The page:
17 The Space Race The competition between the Soviets and the U.S. for supremacy in space exploration. It was seen as necessary for national security (rocket technology, spy satellites and other NASA space developments could help defend the U.S.) and symbolic of technological and ideological superiority. Important achievements: Sputnik 1 (Soviets 1957 – first satelite) Vostok 1 (Soviets 1961 – first manned rocket) Voskhod 1 (Soviets 1964 – first multi-piloted rocket) Apollo 8 (U.S – lunar orbit) Apollo 11 (U.S – moon landing)

18 Bay of Pigs A group of 1,500 Cuban counter-revolutionaries, who were funded and trained by the U.S. CIA unsuccessfully invaded Cuba to overthrow the communist backed Fidel Castro. The failed invasion reinforced the belief by Latin Americans that Americans could not be trusted, but it also illustrated that they could be defeated. Ultimately, the failed invasion strengthened Castro’s popularity.

19 Cuban Missile Crisis A 14 day confrontation in October of 1962 between the Soviet Union and the United States. A U-2 spy plane took pictures of nuclear launch sites in Cuba. A debate began within the Kennedy Administration as to how to handle the crisis. Many within the cabinet wanted an immediate airstrike and even nuclear strikes, while others advocated diplomacy. Eventually the U.S. decides upon a blockade to keep the launch sites from becoming operational. After near nuclear conflict, the two sides agreed upon a compromise and the nuclear missiles were withdrawn from Cuba.

20 The doctrine that communism must be contained or it will spread from country to country, eventually creating a new world order dominated by Soviet communism. This justified the invasion of Korea, Vietnam, Libya, Guatemala, Afghanistan, etc. Domino Theory

21 Vietnam War We will discuss the Vietnam War in-depth next week.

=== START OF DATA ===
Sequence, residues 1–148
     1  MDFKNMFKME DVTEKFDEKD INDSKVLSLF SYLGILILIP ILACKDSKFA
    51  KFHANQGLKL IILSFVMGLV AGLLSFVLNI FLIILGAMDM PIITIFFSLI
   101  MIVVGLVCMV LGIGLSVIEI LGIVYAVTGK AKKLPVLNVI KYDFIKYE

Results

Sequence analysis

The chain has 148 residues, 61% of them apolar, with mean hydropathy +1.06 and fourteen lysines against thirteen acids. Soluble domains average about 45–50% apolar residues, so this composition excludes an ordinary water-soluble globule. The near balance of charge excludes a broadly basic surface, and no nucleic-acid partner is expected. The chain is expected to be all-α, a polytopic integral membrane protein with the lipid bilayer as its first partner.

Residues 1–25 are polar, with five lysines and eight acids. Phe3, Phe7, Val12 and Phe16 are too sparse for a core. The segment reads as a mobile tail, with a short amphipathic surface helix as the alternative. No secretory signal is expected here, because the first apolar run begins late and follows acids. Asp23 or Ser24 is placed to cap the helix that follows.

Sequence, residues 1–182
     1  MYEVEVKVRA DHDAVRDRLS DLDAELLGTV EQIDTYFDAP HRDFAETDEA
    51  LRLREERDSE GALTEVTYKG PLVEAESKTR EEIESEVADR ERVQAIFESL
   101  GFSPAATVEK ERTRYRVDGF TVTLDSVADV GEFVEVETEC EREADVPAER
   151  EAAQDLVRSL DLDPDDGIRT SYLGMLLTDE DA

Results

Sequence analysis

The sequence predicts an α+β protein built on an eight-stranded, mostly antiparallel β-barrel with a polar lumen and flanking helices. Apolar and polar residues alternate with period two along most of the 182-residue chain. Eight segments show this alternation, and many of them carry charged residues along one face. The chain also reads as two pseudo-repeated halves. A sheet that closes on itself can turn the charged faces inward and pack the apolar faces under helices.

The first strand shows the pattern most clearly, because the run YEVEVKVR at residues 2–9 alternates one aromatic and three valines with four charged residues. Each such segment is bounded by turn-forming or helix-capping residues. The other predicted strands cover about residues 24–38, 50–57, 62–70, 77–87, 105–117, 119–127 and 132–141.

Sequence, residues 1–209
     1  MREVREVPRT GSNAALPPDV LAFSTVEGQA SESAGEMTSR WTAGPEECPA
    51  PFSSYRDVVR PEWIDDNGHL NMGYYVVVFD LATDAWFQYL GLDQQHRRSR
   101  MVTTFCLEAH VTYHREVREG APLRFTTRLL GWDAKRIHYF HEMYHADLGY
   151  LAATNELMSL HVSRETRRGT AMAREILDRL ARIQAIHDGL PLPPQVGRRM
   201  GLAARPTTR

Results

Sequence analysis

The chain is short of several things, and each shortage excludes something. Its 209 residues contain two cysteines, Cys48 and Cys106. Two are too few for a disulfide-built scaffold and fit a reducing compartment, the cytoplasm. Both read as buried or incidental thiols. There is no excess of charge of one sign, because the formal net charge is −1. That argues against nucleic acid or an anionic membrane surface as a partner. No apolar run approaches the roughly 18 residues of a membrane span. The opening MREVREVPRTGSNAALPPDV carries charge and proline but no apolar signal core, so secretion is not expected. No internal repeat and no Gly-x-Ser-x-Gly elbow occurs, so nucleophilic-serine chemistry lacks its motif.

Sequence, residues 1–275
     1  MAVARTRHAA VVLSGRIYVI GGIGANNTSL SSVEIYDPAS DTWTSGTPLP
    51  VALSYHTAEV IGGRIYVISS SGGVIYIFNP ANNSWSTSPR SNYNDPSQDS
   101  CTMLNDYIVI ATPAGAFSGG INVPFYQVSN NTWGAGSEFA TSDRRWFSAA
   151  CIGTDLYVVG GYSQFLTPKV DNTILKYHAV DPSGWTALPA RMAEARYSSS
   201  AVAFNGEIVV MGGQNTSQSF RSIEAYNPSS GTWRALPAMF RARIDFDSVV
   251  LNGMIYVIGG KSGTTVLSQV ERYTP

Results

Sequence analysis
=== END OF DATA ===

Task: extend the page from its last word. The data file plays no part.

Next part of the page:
22 Soviet War in Afghanistan
Throughout the 1970s, the Soviet Union sought more influence in Afghan politics, installing a regime that would begin communist reforms. However, these reforms were contrary to traditional Islam (civil law, marriage customs, role of women, etc.) The Soviets invaded Afghanistan in 1979 to support the pro-Soviet regime. The United States supported the rebel mujahedeen fighters, Muslim extremists who were struggling for jihad by pouring in billions of dollars of aid. Eventually, by 1989, the Soviets end the war and withdraw their troops. It was known as the Soviet Unions “Vietnam”

23 The Reagan Doctrine The policy of the Reagan Administration during the 1980s. It advocated a turn from the “containment” doctrine that the U.S. had followed since the 1950s, but rather a push to “roll back” Soviet backed communist influence throughout Africa, Asia and Latin America. Under the Reagan Doctrine, the U.S. provided covert aid to anti-communist guerrillas and resistance movements in an effort to "roll back" Soviet-backed communist governments in Africa, Asia, and Latin America. Many historians believe that this significant pressure to push back communism brought an end to the Soviet Union and the Cold War.